Social Engineering: The Digital Decoys Enticing Kids to Click


You may have heard warnings about “social engineering.” While the term is simply a fancy way of describing fooling people into giving away their personal info online, the repercussions are quite serious.  

Examples of social engineering include phishing, which occurs when a scammer sends people fake emails, or smishing, when the same tricks are deployed via text messaging. Anyone – old, young or somewhere in between – can fall for identity-based scams. However, the facts on the most frequently victimized may surprise you. 

As it turns out, the number of online scam victims under 21 – aka, the internet-savvy set – increased 156% between 2017 and 2020. Why? This may be due to the tendency of young minds to admire openness and abdicate privacy. Add on the open-sharing influence of social media, and personal security risks rise exponentially. 

Awareness is job No. 1 

Parents can help lessen the danger. Being aware of common (and not-so-common) snares is a parent’s best shot at keeping kids out of them. The idea is to empower children with warning signs vs. scare them with horror stories.  

Take talent traps, for example. Attackers steal emails and cell numbers from organizations like local youth sports clubs and child modeling agencies. Scammers then send fake invites to showcases, auditions and tryouts to trick teens and parents into “registering” online with vital information, including Social Security numbers. 

Another highly scalable scam begins with the theft of school district databases. A text about a child marked as late, a COVID exposure or weather advisory entices recipients to click a link, which downloads data-stealing malware onto victims’ phones. 

A third highly profitable (for the criminals) scheme is to message young gamers with offers of in-game goods, such as skins, characters or unlocked levels in popular games. Engaging with messages like this can lead to theft of credit card and other financial information and may even expose children to virtual, and even in-person, exchanges with predators. 

Crooks can do a lot with a child’s stolen data

Once criminals have stolen personal information, there is no shortage of tricks they can pull. Most of those tricks end up costing victimized families money and time, not to mention stress. The two main categories of data exploitation are:

  1. One-off cries, such as using a single victim’s stolen data to take out a student loan in the victim’s name or open a digital payment account with a similar looking username. 
  2. Selling the data of multiple victims in bulk to dark web warehouses that advertise databases of personal information on the digital black market.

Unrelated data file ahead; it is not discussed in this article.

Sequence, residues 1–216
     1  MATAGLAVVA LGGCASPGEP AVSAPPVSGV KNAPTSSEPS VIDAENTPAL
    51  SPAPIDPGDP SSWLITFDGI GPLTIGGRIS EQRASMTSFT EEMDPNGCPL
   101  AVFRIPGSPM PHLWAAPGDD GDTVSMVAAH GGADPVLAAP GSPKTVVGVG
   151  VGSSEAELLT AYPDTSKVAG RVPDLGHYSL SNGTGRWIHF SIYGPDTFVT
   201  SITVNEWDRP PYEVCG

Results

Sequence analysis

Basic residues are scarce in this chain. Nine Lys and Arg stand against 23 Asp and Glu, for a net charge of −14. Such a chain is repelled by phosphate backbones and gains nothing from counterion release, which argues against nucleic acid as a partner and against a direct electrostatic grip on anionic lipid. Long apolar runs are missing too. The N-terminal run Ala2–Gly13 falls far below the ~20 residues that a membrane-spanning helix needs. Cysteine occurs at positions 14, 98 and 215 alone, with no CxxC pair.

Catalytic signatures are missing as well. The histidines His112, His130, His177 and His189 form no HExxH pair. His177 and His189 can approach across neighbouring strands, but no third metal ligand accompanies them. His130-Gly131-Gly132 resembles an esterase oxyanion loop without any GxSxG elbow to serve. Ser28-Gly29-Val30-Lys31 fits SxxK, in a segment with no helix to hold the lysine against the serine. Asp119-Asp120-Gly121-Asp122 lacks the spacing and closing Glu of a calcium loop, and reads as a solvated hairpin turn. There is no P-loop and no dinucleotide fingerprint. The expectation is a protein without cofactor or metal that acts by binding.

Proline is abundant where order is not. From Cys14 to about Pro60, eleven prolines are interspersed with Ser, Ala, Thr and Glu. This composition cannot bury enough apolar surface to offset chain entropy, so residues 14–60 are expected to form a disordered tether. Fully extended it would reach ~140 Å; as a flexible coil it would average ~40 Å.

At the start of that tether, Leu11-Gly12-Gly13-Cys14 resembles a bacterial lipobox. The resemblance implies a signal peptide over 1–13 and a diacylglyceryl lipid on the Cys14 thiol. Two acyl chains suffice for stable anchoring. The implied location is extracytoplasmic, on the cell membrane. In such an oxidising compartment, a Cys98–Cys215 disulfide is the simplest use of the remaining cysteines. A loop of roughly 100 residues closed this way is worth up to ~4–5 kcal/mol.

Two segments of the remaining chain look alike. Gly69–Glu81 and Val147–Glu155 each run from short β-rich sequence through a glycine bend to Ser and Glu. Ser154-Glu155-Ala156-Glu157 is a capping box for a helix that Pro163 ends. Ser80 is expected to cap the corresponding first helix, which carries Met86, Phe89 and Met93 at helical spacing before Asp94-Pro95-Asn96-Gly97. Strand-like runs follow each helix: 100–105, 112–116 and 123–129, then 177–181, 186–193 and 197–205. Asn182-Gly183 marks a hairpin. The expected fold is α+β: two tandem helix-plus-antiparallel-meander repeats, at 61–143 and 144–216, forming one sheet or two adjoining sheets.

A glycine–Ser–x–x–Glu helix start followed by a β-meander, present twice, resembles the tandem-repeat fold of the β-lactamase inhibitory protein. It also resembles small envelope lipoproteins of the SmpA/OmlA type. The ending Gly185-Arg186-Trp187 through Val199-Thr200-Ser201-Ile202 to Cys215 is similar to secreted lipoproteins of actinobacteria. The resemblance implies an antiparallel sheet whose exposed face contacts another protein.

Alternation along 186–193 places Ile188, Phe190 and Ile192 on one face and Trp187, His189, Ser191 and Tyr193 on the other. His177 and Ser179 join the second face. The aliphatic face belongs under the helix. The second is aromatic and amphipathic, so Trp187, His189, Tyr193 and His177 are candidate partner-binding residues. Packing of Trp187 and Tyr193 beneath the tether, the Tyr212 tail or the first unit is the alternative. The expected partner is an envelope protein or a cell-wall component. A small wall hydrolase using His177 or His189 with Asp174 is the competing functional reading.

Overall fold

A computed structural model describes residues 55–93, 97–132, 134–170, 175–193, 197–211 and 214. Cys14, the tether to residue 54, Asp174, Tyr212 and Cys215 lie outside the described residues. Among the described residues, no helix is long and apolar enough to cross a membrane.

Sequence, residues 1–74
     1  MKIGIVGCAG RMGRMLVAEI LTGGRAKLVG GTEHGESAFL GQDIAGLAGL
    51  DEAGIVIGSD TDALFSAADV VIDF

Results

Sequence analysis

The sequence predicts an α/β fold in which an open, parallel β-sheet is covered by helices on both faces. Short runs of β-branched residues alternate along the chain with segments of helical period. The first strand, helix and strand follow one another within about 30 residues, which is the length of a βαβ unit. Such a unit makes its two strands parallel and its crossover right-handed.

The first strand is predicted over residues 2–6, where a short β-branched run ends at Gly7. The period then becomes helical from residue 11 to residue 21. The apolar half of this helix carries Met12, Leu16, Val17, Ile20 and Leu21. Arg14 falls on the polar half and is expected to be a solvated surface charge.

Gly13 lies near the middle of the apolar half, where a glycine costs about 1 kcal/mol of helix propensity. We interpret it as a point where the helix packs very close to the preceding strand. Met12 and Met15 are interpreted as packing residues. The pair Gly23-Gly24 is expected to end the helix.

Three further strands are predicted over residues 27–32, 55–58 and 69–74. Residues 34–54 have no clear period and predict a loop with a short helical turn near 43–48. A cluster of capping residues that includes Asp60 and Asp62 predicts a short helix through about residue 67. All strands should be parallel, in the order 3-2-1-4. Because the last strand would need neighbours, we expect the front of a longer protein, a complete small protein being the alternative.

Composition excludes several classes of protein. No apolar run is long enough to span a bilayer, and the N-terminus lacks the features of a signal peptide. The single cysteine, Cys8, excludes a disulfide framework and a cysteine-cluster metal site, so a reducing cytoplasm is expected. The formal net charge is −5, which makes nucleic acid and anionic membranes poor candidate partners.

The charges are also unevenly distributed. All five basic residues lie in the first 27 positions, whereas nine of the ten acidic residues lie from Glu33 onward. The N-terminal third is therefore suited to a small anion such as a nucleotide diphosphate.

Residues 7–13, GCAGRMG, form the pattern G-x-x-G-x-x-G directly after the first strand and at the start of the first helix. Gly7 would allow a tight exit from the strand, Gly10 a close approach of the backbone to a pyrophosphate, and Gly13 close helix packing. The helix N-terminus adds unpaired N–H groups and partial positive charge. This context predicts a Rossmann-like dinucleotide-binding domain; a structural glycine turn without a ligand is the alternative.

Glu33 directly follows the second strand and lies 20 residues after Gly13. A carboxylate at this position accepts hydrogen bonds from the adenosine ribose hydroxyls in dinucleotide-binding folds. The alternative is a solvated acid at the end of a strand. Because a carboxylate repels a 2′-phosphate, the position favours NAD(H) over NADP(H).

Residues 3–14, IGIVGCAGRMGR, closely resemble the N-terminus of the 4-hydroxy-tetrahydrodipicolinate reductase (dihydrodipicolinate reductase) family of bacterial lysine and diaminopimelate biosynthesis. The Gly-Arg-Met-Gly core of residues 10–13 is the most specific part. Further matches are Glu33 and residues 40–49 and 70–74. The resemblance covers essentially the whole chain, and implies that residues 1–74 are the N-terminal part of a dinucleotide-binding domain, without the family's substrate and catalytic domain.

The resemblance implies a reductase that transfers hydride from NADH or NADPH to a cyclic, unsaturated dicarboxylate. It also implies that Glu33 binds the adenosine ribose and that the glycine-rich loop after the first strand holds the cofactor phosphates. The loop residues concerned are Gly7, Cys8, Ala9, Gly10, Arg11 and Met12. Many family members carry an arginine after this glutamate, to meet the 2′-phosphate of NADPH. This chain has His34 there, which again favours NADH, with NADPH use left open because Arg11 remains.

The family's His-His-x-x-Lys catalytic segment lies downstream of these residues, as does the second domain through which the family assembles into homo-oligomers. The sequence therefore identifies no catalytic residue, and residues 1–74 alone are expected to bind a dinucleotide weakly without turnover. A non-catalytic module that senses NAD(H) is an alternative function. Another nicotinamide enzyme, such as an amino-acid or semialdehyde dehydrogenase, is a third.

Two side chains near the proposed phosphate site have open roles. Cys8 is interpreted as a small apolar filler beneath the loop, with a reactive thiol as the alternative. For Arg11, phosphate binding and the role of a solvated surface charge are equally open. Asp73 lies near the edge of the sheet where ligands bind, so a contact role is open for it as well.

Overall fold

Four parental best practices for the social engineering age 

One effective way to prevent a child’s data from getting wrapped up in one of these scams is to monitor their credit. It’s easy to find out if they have a credit score and if their identity is being used for transactions. TransUnion, for instance, offers a child identity theft inquiry form online. Parents can be even more proactive by initiating a sensitive-person credit freeze, to lock down a minor’s credit until the age of 18. 

Another parental best practice is to regularly run antivirus or antispyware scans on the phones of minors in the household… and their own phones while they’re at it. Most phones and antivirus software allow users to opt for automatic scans at regular intervals. This may be easier for busy parents (which, last time I checked, describes all parents). 

Third, parents can instill a healthy sense of skepticism in their kids by exposing them to real-life threats in a safe environment. Kids should get to see age-appropriate examples of phishing texts and social engineering attempts. By seeing for themselves the kind of malicious “content” that is floating around disguised as legitimate, they develop their own scam radars. Telling them stories of people who have had the wool pulled over their eyes, followed by discussions of what they would have done differently in a similar circumstance can also exercise common-sense muscles. 

Most importantly, parents should model smart online behavior. If something seems odd to them, parents should take the time to explain what looks out of place. Then, let children witness them doing things like calling a friend to verify the authenticity of a message or navigating to a website on their own rather than clicking a link. 

Take advantage of rinse and repeat strategies 

The success of most social engineering comes down to timing. Attackers have gotten good at knowing when we’re at our most gullible, whether that’s during a global crisis or just later in the day. By using mass-scale assaults, they learn just like the rest of us do – through trial and error. When a scam works, rinse and repeat. 

You and your child can take advantage of this greedy replication, however. Scammers are showing their cards by running the same or similar schemes on repeat. Stay up on the news, talk about it often and have regular check-ins on best practices. It may not be your child’s favorite conversation, but protecting their identity is worth every eyeroll you earn. 

By day, Scottsdale father Eduard Goodman is chief privacy officer for intelligent identity security firm Sontiq, a TransUnion company. By night, he is head of the Goodman family IT department. For more information on the above and similar topics, visit